With the launch of the Criterion Channel this past April, I was finally able to achieve that which humankind has been trying to accomplish since we first emerged from the Garden of Eden: watching every Akira Kurosawa movie back-to-back-to-back-to-back-to-back. Before you ask, Kurosawa directed 31 feature films spanning 1943-1993, and as most of them clock in over two hours (and a few approach four), we’re talking almost 100 total consumption hours of Kurosawaness. And before you ask, yes, that’s going on my résumé.
Bottled retrospectives like this are typically undertaken in order to then distill all of that beautiful creative magic into a ranked list ascending from “worst” to “best.” I’ll spare you that, except to say that the five Kurosawa films that stuck with me most are (in loose order):
- Ikiru (1952)
- High and Low (1963)
- The Hidden Fortress (1958)
- Stray Dog (1949)
- Dersu Uzala (1975)
I swear I didn’t arbitrarily pick stuff from different decades; Kurosawa was just actually that consistently good. One interesting note is that I found his contemporary-set stuff (particularly the soulful Ikiru and the razor-wire High and Low) to be as powerful as the samurai epics for which he’s become famous. And while it’s still evident throughout Rashomon why that particular movie marked his breakout in the West, it probably would rank on the lower side if I ever got around to ordering all 31 features.
Viewing Kurosawa from any kind of broad perspective usually reveals that all roads lead to Ran. After a tumultuous ’70s, a string of critical and commercial failures, and a near-total loss of funding options for future films, Kurosawa managed to turn out a bona fide masterpiece a full decade after most cinephiles had written him off as past his prime. Whenever people would ask the prolific director which of his own films he considered to be the best, he’d typically say “the next one.” But after 1985 Kurosawa started giving a different answer: “Ran“.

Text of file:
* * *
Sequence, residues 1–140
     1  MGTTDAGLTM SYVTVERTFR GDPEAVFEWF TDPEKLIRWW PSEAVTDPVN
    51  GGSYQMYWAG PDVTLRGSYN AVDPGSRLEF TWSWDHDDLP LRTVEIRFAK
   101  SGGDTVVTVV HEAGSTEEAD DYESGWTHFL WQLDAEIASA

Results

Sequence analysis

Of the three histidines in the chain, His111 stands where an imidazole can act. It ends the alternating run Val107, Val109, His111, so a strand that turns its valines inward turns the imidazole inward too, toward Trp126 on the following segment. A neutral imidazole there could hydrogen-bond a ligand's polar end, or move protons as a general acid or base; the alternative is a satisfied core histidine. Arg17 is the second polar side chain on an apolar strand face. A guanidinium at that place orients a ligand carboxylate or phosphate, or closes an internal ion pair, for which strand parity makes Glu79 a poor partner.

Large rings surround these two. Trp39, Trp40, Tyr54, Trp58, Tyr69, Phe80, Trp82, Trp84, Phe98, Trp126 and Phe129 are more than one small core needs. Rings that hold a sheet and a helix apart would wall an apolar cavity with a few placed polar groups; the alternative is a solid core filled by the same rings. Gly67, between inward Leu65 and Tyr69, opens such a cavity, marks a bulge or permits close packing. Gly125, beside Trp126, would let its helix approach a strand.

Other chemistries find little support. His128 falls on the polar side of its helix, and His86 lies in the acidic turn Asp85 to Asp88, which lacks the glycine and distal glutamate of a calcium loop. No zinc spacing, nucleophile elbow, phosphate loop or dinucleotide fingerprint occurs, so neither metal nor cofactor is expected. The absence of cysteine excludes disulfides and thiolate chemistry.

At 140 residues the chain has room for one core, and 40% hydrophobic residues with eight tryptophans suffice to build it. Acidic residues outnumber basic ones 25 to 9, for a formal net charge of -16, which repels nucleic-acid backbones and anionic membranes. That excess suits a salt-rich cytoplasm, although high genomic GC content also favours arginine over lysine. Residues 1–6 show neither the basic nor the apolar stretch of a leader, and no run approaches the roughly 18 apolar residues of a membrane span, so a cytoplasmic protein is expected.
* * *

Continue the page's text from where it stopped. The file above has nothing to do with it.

The immediate impact of Ran — that gut-punched, breathless feeling you get while being whisked across the vistas of Segonku-period Japan — could be traced to a paradox at heart of a lot of everlasting art. Pablo Picasso’s subjects were treated as both essential and disposable in many of his paintings. Cormac McCarthy regularly writes about perverted, heretical degenerates using flowery, near-Biblical prose. And in Ran, Kurosawa made a stunningly colorful epic about the utter bleakness of life.
After more than forty years behind the camera, the director knew how to film a gripping sequence (maybe “samurai of the beholder”). But Ran was only his fourth film in color, and while those other three — Dodes’ka-den, Dersu Uzala, and Kagemusha —boasted cinematography typical of the master, the primary colors in Ran really have no parallel. Even still, it’s the stark juxtaposition against the theme of Ran that makes color, miraculously, more than visual. It begs questions in the world of the film: has the worth of Lord Ichimonji’s life truly faded, or is he just blind to all the vibrancy still thriving around him? Do the bright green fields and blue skies actually just underscore the darkness Ichimonji fathoms in the hearts of others?
Color in Ran begs questions in the world outside of the film, too: what would a black-and-white Ran, maybe made during Kurosawa’s 1950’s heyday, look like? Would it have the same impact? What if Seven Samurai or Yojimbo or The Hidden Fortress were made for a multi-hued world? Would we find themes in those films that were otherwise hibernating, brought out by an injection of color?
Maybe those questions belie the intentionality Kurosawa employed in coloring Ran. Symbolically, assigning primary colors to each of Ichimonji’s sons means the film’s opening sequence could likely work the same way without any dialogue at all. Their varying reactions to the dividing of an empire are reflected in their clothing, particularly in the case of the youngest son Saburo. His garb is blue, symbolizing his youth, and indeed his passion-driven outburst leads to his exile by the end of the scene. Ichimonji himself, in the first scene as protagonist of Ran, is meanwhile garbed in tabula-rasa white:
But Kurosawa also let these color assignments persist through the entire film, with the armies of each respective son utilizing that same color in their uniforms. In lining up with the themes of war, these fit impeccably: yellow is representative of courage in Japanese culture, while red symbolizes violence in Japan and universally. But on a purely visual level, the image of a red army surging forth conjures another — that of blood flowing from a mortal wound — at precisely the moment the main battle of Ran enters its most chaotic phase:
Taken as a whole, it might be said that Ran presents a sort of heightened version of reality through color. The vibrancy and brightness are nearly otherworldly; again, though, in a damning paradox, the strangest and most disconcerting aspects of Ran are still those earthbound, inevitable phenomena of war and death. We may never comprehend the true extent of Kurosawa’s work with color in Ran (for example, there’s a story about an entire wheat field spray-painted gold for a scene that was ultimately cut from the film). In an era where “epic” filmmaking frequently equates to CGI battles saturated with shadow and lens flare, the the power of detail present in Ran‘s colors shine all the brighter.